Results of these climactic changes could include environmental degradation, water shortages, salinization, soil erosion, pests, disease and desertification—all potentially detrimental to the systems that produce our food. The world’s heavy dependence on an industrial agriculture system of high food miles therefore jeopardizes the security of our global food supply.

Food miles are not only significant for their contribution to climate change.

Other social and environmental impacts also illuminate the importance of food miles. For example, preparation of food for lengthy journeys has its own implica tions for the environment. Product packaging is more common among foods that travel longer distances, adding more waste into our already sprawling and overflowing landfills.

Finally, there are important social costs associated with high food miles that are often overlooked. First of all, bringing in more cheaply produced food from elsewhere sends money out of the local economy, sacrificing the potential for local economic growth and self-suffi ciency.

And as the Alliance for Better Food and Farming reports, studies show that the nutritional value of produce declines as time passes after harvest, so high food miles are nutritionally detrimental as well. These high costs to the environment and to society in general have prompted a growing movement of local food con sumption, an important step toward a more sustainable food system. At the same time, many critics say that the number of food miles does not accurately represent these social and environmental costs.

Simple & to the point
Of course, using food miles as a representation of the environmental impact of our food choices is an oversim plification. It is true that the environmen tal costs of our food choices are not fully measured by the number of miles our food travels to reach our tables; how food is grown and the mode of transportation are two variables that provide a more comprehensive “life cycle measurement” of a food’s total environmental impact. It is also true, however, that no measure fully, simply and efficiently describes the costs of our food choices, which is why “food miles” remains an important concept. Instead of wasting valuable resources attempting to measure every detail of these impacts, and then confus ing consumers with the results, “food miles” gives us a basic idea with time left over to start addressing the problem.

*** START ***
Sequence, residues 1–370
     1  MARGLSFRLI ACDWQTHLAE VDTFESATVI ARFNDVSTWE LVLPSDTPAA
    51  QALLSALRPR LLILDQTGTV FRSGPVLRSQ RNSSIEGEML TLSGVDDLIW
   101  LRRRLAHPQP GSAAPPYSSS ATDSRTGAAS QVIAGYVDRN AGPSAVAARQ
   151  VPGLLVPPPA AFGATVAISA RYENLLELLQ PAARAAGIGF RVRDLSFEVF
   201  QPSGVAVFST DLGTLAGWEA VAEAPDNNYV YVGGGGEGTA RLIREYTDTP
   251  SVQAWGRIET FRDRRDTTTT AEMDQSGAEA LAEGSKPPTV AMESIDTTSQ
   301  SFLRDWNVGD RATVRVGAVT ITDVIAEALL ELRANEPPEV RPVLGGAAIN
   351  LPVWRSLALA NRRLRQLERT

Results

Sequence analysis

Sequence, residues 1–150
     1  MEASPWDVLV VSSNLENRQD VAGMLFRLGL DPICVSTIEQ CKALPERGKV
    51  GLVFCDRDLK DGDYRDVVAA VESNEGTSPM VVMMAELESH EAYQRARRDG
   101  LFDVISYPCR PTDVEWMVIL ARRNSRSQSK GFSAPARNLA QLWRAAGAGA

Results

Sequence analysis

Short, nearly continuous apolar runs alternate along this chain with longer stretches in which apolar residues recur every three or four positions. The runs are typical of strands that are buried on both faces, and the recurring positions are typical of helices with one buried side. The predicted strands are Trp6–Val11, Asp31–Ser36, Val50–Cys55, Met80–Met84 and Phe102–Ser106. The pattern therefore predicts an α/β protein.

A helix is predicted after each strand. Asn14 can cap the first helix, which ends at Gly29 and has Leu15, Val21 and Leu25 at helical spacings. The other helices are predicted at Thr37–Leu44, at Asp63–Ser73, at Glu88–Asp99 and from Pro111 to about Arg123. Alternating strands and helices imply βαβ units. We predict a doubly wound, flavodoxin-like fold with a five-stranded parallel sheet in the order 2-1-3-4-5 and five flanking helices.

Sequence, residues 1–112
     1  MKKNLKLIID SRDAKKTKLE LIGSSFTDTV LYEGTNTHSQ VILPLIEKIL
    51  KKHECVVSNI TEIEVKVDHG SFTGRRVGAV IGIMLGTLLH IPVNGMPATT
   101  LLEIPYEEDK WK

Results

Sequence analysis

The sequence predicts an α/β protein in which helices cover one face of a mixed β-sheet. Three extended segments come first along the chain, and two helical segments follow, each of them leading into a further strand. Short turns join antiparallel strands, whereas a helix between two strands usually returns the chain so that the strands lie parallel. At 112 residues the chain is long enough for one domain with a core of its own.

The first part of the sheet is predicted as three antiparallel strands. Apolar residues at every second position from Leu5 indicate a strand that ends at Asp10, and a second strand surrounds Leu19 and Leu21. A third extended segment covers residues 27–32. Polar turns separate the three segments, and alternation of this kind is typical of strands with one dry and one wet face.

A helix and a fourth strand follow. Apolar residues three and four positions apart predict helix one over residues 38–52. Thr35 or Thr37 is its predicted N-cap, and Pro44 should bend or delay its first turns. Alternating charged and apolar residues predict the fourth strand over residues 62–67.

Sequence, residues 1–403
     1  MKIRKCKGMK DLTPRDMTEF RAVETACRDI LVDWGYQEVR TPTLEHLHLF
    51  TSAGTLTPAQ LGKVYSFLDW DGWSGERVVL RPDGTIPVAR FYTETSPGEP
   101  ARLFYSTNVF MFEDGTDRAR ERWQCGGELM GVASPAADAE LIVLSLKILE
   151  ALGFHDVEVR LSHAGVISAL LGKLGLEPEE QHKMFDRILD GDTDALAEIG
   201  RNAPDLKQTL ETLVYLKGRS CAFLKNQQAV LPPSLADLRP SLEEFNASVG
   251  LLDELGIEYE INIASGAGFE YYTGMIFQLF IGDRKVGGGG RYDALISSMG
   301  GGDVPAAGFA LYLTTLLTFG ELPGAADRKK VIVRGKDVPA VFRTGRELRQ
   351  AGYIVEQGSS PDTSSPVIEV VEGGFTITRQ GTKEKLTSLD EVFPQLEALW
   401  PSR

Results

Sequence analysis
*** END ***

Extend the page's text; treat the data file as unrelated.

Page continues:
What can you do?

As consumers increasingly demand locally produced food, local producers will supply it, shortening the average distance between producer and consumer.

Shopping at your local farmers’ market or co-op is an excellent start, but even when buying at giant supermarket chains, check your bags of apples or potatoes for their origin. When given the choice, select the product grown closest to home. If every consumer makes this choice, we will begin to see a dramatic reduction in average food miles.

Cael Warren is a Land Stewardship Project intern working within LSP’s Community Based Food Systems and Economic Development Program.

A food miles road map

➔ Stancu, C. and Ann Smith. “Food Miles—the International Debate and Implications for New Zealand Exporters.” Business & Sustainability Series, Briefing Paper #1. 2006. Manaaki Whenua Landcare Research. www.landcareresearch.co.nz
➔ Pirog, Rich. “Food Miles: A Simple Metaphor to Contrast Local and Global Food Systems.” Summer 2004 Newsletter, Hun ger and Environmental Nutrition (HEN) Dietetic Practice Group of the American Dietetic Association. www.HENdpg.org
➔ Farmscape Ecology Program, Hawthorne Valley Farm. “Food Miles.” http://hawthornevalleyfarm.org/fep/foodmiles.htm
➔ Pirog, Rich. “Checking the Food Odometer: Comparing Food Miles for Local Versus Conventional Produce Sales to Iowa Institu tions.” July 2003. Leopold Center for Sustainable Agriculture.
➔ Pretty, J.N., A.S. Ball, T. Lang, and J.I.L. Morison. “Farm Costs and Food Miles: An Assessment of the Full Cost of the UK Weekly Food Basket.” Food Policy. Vol. 30, No. 1. pp. 1-19.
➔ Xuereb, Marc. “And Miles to Go Before I Eat…Home-Grown Hurrah.” Alternatives Journal. 2006. Vol. 32, No. 3, pp. 18-20 ➔ U.S. EPA. “Trends in Greenhouse Gas Emissions.” April 2007.
➔ Church, Norman. “Why Our Food is So Dependent on Oil.” Energybulletin.net. 1 Apr 2005.
➔ Sustain: The Alliance for Better Food and Farming. “Food Miles— Still on the Road to Ruin?” October 1999. www.sustainweb.org